Stocks of Rusal collapse 50% after U.S. sanctions

Separately, Rusal warned that the sanctions impact "may result in technical defaults in relation to certain credit obligations of the group, and the company is now evaluating the impact (if any) of such technical defaults on the financial position of the group".

Julius Baer analyst Carsten Menke said "This is a further hit to Russian aluminium exports to the US They come after the tariffs (US President Donald) Trump introduced in March".

Deripaska, whose wealth Forbes magazine estimates at $6.7bn, meets Putin regularly and has said his own interests can not be separated from those of the Russian state.

The latest wave of sanctions also saw Russian stock market indices plummet around 10 percent.

The US Treasury sanctioned Russian individuals, officials, state-owned firms and companies, including Rusal, the world's second largest maker of aluminum, under provisions of a law Congress passed past year to retaliate against Moscow for meddling in the 2016 USA presidential election, last Friday.

Rusal and seven other companies linked to Deripaska were the main targets when the U.S. imposed sanctions created to punish Vladimir Putin's inner circle for "malign activity", including support for Bashar al-Assad's government in Syria and interfering with the USA election in 2016. The company, also listed in Moscow, is the biggest aluminum maker outside China, and the measures could hurt access to financial markets and disrupt shipments to world buyers.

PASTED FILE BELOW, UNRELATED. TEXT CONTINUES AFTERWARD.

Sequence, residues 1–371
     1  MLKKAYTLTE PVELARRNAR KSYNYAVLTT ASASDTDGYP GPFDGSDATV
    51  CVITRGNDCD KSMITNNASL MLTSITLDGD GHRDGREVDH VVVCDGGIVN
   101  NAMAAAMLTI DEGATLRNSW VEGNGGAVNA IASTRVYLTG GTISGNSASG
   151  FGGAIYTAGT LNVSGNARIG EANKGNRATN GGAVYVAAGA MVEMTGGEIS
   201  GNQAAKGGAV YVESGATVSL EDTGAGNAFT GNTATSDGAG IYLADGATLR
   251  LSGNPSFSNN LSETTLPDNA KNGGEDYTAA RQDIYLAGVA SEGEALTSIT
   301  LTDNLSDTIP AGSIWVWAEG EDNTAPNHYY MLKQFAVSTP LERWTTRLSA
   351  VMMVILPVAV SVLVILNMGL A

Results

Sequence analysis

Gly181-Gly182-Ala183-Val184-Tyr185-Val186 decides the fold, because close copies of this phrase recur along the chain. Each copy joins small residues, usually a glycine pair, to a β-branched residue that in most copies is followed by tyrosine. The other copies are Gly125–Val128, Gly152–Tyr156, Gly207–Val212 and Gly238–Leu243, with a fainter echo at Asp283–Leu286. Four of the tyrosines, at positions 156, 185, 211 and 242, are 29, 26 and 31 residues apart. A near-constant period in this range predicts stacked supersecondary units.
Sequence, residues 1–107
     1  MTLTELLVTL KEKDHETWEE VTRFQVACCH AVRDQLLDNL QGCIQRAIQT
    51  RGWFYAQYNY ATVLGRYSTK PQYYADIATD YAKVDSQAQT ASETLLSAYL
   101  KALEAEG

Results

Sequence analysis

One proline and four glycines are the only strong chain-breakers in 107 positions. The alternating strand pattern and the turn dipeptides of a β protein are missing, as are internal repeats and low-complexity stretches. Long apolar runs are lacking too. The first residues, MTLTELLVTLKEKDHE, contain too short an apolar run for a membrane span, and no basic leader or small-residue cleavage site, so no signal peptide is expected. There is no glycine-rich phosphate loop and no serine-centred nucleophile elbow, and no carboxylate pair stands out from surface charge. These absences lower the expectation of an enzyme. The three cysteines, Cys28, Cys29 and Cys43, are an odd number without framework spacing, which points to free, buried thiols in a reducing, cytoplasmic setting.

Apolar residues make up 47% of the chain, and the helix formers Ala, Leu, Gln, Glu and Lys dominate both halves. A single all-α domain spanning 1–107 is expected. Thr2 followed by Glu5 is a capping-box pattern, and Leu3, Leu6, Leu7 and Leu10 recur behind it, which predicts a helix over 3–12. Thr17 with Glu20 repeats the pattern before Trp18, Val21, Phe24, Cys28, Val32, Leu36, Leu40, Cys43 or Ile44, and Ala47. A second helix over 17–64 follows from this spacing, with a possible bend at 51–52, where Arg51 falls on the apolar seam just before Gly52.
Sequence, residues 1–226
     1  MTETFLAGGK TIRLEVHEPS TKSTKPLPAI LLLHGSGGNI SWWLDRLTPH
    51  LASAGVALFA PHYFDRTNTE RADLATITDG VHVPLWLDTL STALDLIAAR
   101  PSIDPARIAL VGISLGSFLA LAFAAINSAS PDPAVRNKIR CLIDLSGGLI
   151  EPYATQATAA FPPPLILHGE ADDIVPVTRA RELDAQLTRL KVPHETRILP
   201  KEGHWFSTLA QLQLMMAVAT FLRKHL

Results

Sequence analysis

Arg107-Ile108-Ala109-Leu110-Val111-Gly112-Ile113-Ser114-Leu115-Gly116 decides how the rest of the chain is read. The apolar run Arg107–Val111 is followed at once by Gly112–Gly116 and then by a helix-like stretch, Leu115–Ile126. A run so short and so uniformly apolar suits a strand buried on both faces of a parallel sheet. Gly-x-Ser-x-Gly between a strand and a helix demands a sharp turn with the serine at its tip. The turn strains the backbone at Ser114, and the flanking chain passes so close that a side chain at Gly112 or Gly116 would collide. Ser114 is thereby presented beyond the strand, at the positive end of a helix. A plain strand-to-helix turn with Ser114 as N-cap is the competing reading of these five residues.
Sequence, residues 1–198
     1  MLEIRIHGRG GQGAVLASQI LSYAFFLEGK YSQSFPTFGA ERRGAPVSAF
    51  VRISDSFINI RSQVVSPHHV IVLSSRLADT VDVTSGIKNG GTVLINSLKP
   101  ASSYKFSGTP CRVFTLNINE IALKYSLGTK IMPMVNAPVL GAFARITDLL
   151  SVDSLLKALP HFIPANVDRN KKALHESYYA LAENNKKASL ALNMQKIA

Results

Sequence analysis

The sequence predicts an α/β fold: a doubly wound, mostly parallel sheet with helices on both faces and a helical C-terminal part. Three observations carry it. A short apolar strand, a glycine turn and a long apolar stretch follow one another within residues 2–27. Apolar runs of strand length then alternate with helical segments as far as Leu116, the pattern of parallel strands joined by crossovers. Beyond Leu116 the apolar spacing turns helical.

The Kremlin slammed the sanctions.

The sanctions also hit Norilsk Nickel, whose shares were down 16 percent.

The company which supplies seven percent of the world's aluminum supply, is now at risk of defaulting on part of its debt, the AFP reported.

The rouble suffered its biggest one-day fall in...

Russia's prime minister, Dmitry Medvedev, told his government to draw up possible retaliatory steps.

The company said the sanctions were likely to have a "materially adverse" impact on its business and finances. He said the new U.S. sanctions were unacceptable and illegitimate, and that the government would come up with plans to support the companies affected.

  • Wendy Palmer